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Factorials and Binary Numbers
[ January 13, 2001 ]

On June 20, 1999 I received a message from 11th grader Kiwoo Song
asking for extra material related to a particular theorem...
Honesty compells me to say I couldn't help him further with the project
but found the theorem nevertheless very intriguing as it relates two familar concepts
in a very interesting way namely factorials and binary numbers.

Any natural number N is equal to the sum of the numbers of 1's in its
binary representation and the number of 2's in the prime factorization of N!

A few worked out examples to illustrate the topic

Take N = 9
9{10} = 1001{2}
9! = 362880 = 27 x 34 x 5 x 7

Take N = 79
79{10} = 1001111{2}
79! = 274 x 336 x 518 x 712 x ... x 73 x 79

Just like Kiwoo Song then I am now trying to find information
(references, sources) that relates to the above theorem.

On [ February 19, 2001 ] none other than Ki Song himself emailed me that he
found back his notes (from 3 years ago).

It was Legendre that first found the results in 1808.
He said that the number of prime factors q in N! is equal to the expression:

Sum N/q^i from i=0 to inf = [N/q] + [N/q^2] + [N/q^3] + ... + [N/q^n] + 0 + 0 + ...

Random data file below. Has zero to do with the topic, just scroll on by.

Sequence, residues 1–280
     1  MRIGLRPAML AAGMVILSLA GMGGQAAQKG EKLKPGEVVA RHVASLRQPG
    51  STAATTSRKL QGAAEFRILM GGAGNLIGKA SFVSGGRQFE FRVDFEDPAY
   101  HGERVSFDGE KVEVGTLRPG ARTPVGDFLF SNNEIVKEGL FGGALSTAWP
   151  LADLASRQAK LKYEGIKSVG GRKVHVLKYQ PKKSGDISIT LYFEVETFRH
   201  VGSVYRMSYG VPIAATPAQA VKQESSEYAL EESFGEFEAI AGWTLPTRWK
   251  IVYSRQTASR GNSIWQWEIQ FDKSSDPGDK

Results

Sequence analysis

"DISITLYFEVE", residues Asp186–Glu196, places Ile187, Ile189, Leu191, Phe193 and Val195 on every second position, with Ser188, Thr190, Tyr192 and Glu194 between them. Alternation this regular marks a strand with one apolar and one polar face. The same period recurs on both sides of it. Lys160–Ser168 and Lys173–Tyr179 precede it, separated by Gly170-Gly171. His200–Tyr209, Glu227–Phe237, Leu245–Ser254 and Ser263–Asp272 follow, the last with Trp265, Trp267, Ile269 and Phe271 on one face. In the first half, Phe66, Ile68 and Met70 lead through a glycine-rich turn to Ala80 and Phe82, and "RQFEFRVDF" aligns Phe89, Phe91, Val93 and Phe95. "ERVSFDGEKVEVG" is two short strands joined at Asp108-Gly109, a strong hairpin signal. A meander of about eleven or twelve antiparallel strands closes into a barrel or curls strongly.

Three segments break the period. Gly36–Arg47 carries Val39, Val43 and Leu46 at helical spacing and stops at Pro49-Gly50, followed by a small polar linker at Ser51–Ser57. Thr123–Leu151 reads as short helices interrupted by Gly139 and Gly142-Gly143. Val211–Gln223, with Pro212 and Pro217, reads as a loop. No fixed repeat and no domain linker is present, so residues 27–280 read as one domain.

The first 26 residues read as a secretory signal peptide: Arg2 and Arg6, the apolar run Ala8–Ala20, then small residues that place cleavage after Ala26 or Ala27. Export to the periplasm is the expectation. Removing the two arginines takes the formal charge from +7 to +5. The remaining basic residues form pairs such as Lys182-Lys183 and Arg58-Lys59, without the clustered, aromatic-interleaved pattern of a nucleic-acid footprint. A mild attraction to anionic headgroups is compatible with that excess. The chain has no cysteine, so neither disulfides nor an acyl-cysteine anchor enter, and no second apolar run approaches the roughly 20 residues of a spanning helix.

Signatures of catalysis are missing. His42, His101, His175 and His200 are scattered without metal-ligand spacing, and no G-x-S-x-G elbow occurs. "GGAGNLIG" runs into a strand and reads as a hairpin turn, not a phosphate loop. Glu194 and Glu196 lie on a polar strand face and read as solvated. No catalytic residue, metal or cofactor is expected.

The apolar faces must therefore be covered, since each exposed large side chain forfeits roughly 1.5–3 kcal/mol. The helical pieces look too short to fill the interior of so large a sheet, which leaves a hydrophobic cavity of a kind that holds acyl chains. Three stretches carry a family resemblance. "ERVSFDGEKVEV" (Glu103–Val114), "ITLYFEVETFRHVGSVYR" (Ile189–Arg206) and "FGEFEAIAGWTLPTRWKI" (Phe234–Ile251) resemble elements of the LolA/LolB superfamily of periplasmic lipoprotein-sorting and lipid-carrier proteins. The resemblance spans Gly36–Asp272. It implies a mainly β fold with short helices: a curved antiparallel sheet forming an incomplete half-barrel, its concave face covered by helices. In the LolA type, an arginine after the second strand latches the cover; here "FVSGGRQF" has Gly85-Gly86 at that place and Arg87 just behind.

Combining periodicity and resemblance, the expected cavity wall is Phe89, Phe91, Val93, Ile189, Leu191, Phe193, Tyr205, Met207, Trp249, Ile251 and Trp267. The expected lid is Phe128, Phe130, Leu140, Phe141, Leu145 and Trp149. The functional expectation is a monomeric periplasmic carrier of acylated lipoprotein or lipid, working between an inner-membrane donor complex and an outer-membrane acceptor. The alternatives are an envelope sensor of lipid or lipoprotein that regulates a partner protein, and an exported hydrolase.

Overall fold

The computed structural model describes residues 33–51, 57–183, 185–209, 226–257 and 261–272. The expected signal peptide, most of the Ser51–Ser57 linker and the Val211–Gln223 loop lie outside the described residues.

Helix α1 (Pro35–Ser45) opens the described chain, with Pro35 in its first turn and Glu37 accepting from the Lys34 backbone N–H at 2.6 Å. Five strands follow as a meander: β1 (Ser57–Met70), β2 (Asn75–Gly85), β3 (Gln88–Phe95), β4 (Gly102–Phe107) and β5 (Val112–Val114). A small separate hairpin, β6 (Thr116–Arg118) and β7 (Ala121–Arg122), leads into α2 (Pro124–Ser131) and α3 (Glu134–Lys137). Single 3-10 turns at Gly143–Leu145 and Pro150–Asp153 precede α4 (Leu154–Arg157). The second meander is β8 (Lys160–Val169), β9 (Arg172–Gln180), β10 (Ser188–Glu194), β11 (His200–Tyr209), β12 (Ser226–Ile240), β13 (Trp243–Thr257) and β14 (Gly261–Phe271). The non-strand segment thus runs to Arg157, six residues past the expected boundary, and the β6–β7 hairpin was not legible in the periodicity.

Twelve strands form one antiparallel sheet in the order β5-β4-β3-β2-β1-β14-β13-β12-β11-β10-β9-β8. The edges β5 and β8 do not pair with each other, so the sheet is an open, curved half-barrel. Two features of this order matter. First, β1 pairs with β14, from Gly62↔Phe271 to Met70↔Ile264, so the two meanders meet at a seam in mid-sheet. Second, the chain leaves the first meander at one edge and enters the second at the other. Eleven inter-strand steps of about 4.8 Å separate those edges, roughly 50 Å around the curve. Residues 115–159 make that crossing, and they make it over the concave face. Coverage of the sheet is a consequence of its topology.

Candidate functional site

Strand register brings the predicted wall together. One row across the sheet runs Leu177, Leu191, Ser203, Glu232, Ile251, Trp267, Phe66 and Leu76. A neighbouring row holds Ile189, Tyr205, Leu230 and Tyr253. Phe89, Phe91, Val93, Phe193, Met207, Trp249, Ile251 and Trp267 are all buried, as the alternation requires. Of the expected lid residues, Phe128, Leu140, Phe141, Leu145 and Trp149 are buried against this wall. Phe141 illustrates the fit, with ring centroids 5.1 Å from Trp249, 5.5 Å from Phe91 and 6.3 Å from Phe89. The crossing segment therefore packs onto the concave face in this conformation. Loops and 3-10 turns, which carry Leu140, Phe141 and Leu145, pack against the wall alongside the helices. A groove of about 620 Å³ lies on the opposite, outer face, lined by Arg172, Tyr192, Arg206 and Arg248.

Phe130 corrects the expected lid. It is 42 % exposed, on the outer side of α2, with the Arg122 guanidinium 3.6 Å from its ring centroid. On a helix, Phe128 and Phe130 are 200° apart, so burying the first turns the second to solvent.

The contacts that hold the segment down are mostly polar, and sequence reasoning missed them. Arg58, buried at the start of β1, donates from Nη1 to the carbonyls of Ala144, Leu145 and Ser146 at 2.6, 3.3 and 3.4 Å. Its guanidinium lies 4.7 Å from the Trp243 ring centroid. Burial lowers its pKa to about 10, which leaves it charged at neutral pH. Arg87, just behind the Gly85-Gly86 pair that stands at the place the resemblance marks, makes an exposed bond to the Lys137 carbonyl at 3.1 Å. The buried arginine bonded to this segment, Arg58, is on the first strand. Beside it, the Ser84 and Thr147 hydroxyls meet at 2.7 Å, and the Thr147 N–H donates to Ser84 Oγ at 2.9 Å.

where [x] = greatest integer less than or equal to x.

He also said that the difference between the number N and the sum
of digits of N in base q divided by q - 1 is equal to the expression above.
So, if S_q(N) = the sum of digits of N in base q, we can write:

 (N - S_q(N))/(q-1) = number of prime factors q in N! N - S_q(N) = (q-1) (number of prime factors q in N!) N = S_q(N) + (q - 1) (number of prime factors q in N!) If q = 2, we have N = S_2(N) + (2 - 1) (number of prime factors 2 in N!) N = (the number of 1s in the binary expression of N) + (number of factors 2 in N!)

The number of 1s in the binary expression of N is also known as
the Hamming Weight.

The proof is not too difficult to find. Can it be found on the web ?

A000089 Prime Curios! Prime Puzzle
Wikipedia 89 Le Nombre 89 Numberland 89
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